It’s been sometime since I wrote about the use of Keywords and Keyphrases for SEO purposes. The main reason for this is not just because Google deprecated the keywords meta tag in 2009, but also because there were so many blog posts around about finding the right keywords for your website including those here on SEO Andy, and of course I predicted the death of keywords for seo in 2014.
However, in this post I want to explain how Keywords do still fit into todays SEO world. But first…
What Should a Keyword Be?
My first rule is that you should only ever have one single keyword or phrase per page on your website to target. Make sure that each and every page of the site is targeting a unique keyword or keyphrase, of course in a blog like this you will repeat one day but try not too. This means that for example if you sell Silver Earrings that can be a phrase on perhaps a category page, and for example “hand pierced silver earrings” (ext) for a product page.
In essence you are broadening your target field to encompass as many potential terms as possible. This does not mean you can’t use a particular keyphrase from another page within your content, rather that your focus is on a single term and not multiple terms. For example using Manchester Wedding Photographer (ext) as a focus keyword on a homepage doesn’t mean the term isn’t used within many of the pages of Mick Cookson’s website, however within those pages he is targeting other specific terms.
To find that perfect focus keyword you will need to do some keyword research, its not always the most exciting of tasks in the world – but the more you do the easier it will become for you (especially if you only look after one or two websites in the same industry). There are a huge range of tools from Google’s Keyword Tool to one of my favorites WordStream’s Keyword Analyser – also WordStream have this nice blog about how to effectively do keyword research.
Ways To Use Keywords Today
There are a number of ways to use keywords across your website and web presence, here we will focus on your website itself thouhg much of this can be re-purposed for other means, like social media. In this section we will look at; focus keywords within urls, titles, descriptions, heading tags and content.
Keywords in Urls
Using focus keywords within a URL is something that comes up many times in conversations I have. Do they have an effect on ranking and if not, why would you use keywords in urls?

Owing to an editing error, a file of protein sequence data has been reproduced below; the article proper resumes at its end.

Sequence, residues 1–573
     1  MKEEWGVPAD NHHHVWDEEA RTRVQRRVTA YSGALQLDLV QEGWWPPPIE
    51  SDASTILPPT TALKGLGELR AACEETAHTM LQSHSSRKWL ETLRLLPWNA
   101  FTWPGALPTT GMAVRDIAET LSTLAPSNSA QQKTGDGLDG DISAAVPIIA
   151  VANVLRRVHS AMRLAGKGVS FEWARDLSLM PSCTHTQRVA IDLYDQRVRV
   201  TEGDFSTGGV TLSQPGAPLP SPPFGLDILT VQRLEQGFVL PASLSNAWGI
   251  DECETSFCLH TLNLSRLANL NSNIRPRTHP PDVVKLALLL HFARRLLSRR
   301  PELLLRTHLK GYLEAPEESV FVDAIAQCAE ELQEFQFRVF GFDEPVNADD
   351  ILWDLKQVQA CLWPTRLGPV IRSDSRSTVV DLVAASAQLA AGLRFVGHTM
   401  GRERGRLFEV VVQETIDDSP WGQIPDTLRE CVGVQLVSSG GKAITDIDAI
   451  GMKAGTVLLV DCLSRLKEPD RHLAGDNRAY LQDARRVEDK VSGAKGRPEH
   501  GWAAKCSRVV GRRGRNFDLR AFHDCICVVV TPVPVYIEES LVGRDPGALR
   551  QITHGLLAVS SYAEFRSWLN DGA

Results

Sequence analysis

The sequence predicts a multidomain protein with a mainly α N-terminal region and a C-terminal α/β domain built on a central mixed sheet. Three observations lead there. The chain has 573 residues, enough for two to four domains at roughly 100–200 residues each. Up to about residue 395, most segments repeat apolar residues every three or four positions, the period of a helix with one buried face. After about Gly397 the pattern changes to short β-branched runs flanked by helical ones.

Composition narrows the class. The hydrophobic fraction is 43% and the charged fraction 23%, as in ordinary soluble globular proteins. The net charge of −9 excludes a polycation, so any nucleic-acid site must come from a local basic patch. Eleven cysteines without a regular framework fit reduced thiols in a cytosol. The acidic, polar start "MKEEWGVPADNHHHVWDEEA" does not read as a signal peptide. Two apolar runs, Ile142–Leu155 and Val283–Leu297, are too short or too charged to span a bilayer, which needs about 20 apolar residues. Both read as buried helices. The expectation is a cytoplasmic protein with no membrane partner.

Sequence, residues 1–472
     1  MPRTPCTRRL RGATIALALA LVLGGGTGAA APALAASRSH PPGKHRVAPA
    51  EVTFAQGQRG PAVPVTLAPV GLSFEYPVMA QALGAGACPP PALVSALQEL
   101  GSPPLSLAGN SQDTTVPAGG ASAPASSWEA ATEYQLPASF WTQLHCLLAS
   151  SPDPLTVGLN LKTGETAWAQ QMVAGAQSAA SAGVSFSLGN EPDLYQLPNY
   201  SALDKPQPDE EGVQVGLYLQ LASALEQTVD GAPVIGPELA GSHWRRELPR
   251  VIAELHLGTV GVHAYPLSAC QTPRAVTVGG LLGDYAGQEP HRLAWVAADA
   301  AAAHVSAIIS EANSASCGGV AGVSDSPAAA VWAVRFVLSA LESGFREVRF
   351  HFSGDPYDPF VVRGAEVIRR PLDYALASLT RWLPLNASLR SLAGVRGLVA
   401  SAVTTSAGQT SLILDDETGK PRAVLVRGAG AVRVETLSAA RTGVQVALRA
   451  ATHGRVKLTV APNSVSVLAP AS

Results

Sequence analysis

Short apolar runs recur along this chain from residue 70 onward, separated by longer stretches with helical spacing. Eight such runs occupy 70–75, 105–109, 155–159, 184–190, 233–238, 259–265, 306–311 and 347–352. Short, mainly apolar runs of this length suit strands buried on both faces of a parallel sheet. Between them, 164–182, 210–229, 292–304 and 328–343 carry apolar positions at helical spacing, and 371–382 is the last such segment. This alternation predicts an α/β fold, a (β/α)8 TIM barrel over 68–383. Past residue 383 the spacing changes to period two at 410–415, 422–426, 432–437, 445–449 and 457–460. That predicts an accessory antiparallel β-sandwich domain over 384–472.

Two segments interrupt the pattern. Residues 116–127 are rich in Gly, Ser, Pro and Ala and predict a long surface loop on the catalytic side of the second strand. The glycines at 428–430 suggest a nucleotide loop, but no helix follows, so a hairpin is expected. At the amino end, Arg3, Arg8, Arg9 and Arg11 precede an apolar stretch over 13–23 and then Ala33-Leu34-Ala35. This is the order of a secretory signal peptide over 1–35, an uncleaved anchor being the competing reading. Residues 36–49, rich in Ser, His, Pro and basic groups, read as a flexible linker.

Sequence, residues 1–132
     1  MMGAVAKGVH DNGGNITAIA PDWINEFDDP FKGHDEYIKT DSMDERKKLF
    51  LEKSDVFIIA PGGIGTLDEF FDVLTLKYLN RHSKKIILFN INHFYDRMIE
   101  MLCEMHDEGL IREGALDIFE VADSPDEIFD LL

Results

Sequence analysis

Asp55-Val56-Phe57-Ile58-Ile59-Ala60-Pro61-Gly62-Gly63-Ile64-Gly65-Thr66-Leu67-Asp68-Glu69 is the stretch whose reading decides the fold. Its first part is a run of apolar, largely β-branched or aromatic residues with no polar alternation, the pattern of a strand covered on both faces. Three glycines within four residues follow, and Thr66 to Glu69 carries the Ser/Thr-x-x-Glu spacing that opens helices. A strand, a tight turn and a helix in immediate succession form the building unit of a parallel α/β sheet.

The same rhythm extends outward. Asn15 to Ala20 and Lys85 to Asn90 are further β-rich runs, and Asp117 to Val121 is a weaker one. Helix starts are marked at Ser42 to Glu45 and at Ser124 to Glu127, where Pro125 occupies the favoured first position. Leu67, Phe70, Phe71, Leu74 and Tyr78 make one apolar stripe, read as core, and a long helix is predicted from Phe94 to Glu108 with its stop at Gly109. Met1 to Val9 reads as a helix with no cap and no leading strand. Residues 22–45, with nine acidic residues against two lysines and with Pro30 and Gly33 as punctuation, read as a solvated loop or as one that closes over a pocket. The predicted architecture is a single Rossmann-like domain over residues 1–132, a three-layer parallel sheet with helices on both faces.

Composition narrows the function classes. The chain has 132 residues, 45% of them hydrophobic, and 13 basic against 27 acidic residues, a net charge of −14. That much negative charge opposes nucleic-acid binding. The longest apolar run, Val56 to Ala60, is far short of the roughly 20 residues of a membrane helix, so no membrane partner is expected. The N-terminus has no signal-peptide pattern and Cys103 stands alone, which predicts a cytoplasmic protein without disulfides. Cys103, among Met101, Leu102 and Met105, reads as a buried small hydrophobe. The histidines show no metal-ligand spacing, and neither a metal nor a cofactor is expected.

The basis of my advice to include some descriptive terms within a url are simple. If they are used in any way for ranking, or even deciphering what a page is about and not included for ranking, then it’s worth it. If done correctly it makes for easier indexing of your site and easier navigation for users too trying to land via a url directly. Here are some tips for using keywords within your website urls:
- Important Keyword First
- Keep It Highly Descriptive (of the content)
- Don’t Repeat A Keyword
- Keep It Short and Memorable
Using Keywords Within Page Titles
Page Meta Titles are still considered an important part of SEO, not for ranking but rather their clickability within your rankings. So it’s important to craft your perfect page title with care. Here are a few tips on creating an awesome page title for your webpage.
- Your page title should accurately describe the content of your page.
- You should include your primary keywords close to the beginning of the page titles as more weight is placed on earlier words.
- Avoid repeating keywords multiple times as this looks ‘spammy’ and unprofessional.
- Search engines only display a maximum of 65 characters including spaces so you should keep them shorter than this.
- Symbols such as ‘-‘, ‘|’ and ‘>’ can be used to separate your page titles into its various components.
- It’s also important that it reads naturally and gives the user the information they are looking for.
- Page titles are similar to advertising copy. They should differentiate you from your competitors and incentivise the user to click on them.
Focusing on Keywords in Meta Descriptions
I’ve wrote a few times about the perfect meta description and how to write it. The ideas key facilitators of the perfect description remain solid, see below, if you want to know more about each check out my blog on writing a great meta description.
- It should always be unique, both to your site and the web
- It should be include your focus keyword for that page
- It should be focused on your content and getting a click
- You should test each type of meta description you use
Also check out some great examples of meta descriptions over on eConsultancy.
Keywords Within Heading Tags – H1, H2…